Furthermore, section 37(5) of the FOI Act provides that a request that would fall to be refused under section 37(1) may still be granted where, on balance (a) the public interest that the request should be granted outweighs the right to privacy of the individual to whom the information relates, or (b) the grant of the of the information would be to the benefit of the person to whom the information relates.
I am satisfied that the release of the redacted information would not be to the benefit of the individuals concerned and that section 37(5)(b) does not apply. On the matter of whether section 37(5)(a) applies, the question I must consider is whether the public interest in granting the request outweighs, on balance, the public interest in protecting the privacy rights of the persons to whom the information relates.
In considering where the public interest lies, I have had regard to the comments of the Supreme Court in The Governors and Guardians of the Hospital for the Relief of Poor Lying-In Women v. the Information Commissioner  IESC 26 (the Rotunda case). It is noted that a public interest (“a true public interest recognised by means of a well known and established policy, adopted by the Oireachtas, or by law”) should be distinguished from a private interest.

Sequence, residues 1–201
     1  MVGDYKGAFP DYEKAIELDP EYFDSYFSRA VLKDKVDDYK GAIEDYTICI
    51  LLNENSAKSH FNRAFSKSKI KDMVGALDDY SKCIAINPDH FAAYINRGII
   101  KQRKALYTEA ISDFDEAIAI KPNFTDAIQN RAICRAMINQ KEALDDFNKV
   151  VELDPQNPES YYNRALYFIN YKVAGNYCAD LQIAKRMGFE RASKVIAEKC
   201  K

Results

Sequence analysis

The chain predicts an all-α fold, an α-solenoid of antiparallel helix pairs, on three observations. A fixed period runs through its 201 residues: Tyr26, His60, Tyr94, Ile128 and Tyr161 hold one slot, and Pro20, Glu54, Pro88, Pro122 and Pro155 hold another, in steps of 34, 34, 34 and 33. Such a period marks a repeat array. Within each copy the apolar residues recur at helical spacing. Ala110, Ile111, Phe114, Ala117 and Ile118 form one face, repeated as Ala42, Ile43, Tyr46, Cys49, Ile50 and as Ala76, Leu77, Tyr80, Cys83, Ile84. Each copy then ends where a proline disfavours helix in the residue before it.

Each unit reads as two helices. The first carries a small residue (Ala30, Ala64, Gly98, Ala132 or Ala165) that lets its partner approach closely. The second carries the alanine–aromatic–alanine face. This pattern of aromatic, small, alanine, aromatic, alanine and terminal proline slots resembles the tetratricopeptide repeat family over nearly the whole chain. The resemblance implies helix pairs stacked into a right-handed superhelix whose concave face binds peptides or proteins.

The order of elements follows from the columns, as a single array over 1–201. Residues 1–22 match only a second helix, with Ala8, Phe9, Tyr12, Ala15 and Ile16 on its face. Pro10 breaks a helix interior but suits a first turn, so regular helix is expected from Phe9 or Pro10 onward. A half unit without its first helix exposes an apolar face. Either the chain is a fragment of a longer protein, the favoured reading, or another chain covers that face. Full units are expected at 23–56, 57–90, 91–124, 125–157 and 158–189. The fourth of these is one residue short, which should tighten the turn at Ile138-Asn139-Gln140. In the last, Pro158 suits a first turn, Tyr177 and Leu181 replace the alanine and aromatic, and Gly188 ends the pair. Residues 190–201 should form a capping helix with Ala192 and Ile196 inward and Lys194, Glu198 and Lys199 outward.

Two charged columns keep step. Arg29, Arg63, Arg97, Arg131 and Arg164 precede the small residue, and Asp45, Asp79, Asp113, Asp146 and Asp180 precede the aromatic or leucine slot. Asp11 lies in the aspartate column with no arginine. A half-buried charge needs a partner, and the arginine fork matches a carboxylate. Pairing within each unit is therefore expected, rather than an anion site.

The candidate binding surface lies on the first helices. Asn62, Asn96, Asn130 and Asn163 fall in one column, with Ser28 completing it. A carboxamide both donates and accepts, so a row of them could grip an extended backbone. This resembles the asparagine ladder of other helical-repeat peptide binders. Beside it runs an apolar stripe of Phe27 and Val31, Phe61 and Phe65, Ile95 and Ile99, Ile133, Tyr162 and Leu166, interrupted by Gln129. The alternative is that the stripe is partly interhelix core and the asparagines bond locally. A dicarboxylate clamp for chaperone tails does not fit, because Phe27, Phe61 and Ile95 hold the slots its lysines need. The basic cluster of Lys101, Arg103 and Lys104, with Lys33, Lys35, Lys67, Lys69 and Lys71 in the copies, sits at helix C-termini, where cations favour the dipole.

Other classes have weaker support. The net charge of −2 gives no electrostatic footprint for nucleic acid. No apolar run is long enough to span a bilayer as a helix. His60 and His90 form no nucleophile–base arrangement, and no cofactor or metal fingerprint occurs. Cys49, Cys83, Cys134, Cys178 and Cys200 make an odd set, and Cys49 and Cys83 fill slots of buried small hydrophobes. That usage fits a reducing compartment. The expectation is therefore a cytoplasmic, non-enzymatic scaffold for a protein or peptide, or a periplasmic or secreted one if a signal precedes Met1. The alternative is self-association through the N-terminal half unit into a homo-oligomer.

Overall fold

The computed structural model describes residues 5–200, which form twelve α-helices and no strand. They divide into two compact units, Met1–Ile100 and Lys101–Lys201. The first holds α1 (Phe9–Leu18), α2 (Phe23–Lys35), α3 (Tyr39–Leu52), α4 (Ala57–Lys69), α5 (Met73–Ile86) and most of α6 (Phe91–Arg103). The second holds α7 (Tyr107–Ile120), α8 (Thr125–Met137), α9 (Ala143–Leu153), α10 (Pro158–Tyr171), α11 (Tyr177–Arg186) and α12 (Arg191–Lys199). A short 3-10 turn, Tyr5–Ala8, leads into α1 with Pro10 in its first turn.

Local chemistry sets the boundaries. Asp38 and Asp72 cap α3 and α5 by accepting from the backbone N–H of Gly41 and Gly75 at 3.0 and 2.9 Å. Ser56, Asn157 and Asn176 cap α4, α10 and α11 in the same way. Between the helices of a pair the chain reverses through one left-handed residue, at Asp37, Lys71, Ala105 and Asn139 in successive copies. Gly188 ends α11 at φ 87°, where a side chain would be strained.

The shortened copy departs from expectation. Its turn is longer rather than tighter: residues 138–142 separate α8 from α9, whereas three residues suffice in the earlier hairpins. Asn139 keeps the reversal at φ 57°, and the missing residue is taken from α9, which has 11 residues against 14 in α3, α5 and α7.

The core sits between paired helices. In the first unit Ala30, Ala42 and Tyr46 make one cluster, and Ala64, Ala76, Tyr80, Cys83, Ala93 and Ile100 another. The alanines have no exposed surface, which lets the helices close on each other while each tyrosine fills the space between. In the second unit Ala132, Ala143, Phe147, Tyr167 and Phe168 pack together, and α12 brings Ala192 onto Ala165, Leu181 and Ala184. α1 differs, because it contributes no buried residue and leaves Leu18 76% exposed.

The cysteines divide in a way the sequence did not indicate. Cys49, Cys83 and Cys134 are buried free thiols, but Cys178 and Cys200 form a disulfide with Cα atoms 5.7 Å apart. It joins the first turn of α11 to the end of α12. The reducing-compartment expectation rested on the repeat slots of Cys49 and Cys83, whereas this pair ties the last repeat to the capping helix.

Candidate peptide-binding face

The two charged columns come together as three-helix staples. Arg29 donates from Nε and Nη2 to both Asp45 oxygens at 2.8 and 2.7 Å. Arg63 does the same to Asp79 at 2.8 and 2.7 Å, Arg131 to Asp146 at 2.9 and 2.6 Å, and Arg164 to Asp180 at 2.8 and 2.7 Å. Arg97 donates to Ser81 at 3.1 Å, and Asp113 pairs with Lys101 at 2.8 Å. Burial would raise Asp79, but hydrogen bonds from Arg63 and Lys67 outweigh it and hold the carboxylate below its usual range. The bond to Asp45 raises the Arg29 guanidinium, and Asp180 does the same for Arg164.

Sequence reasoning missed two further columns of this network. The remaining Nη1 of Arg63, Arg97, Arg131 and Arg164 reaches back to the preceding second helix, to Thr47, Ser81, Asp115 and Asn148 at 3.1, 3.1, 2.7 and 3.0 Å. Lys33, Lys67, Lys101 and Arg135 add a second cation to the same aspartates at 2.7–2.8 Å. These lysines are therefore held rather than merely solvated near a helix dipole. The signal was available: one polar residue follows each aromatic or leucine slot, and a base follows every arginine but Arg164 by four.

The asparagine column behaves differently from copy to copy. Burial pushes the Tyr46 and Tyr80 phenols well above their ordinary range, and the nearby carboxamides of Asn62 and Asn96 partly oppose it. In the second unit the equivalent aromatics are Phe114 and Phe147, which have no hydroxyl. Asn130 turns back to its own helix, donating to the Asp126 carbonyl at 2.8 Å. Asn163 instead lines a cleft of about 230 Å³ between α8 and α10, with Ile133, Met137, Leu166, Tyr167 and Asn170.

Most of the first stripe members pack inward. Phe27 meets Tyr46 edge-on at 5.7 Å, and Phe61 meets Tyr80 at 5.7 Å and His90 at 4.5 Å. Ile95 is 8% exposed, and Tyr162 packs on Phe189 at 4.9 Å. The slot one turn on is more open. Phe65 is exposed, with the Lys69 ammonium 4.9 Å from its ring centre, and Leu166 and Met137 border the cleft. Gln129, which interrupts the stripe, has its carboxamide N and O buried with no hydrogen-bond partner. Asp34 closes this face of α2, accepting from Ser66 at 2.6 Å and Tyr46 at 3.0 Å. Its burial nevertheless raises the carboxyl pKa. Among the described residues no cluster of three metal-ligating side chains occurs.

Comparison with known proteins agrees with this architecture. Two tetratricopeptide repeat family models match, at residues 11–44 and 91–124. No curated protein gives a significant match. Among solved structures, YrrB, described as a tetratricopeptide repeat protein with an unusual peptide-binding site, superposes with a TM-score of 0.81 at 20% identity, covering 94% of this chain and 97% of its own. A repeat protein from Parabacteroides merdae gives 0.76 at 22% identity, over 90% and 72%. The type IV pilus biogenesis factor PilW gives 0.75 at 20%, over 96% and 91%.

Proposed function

The FOI Act acknowledges that there is a public interest in promoting the openness and accountability of public bodies in the manner in which they perform their functions. On the other hand, the FOI Act recognises the public interest in the protection of the right to privacy both in the language of section 37 and the Long Title to the Act (which makes clear that the release of records under FOI must be consistent with the right to privacy). It is also worth noting that the right to privacy has a constitutional dimension, as one of the unenumerated personal rights under the Constitution. Privacy rights will therefore be set aside only where the public interest served by granting the request (and breaching those rights) is sufficiently strong to outweigh the public interest in protecting privacy.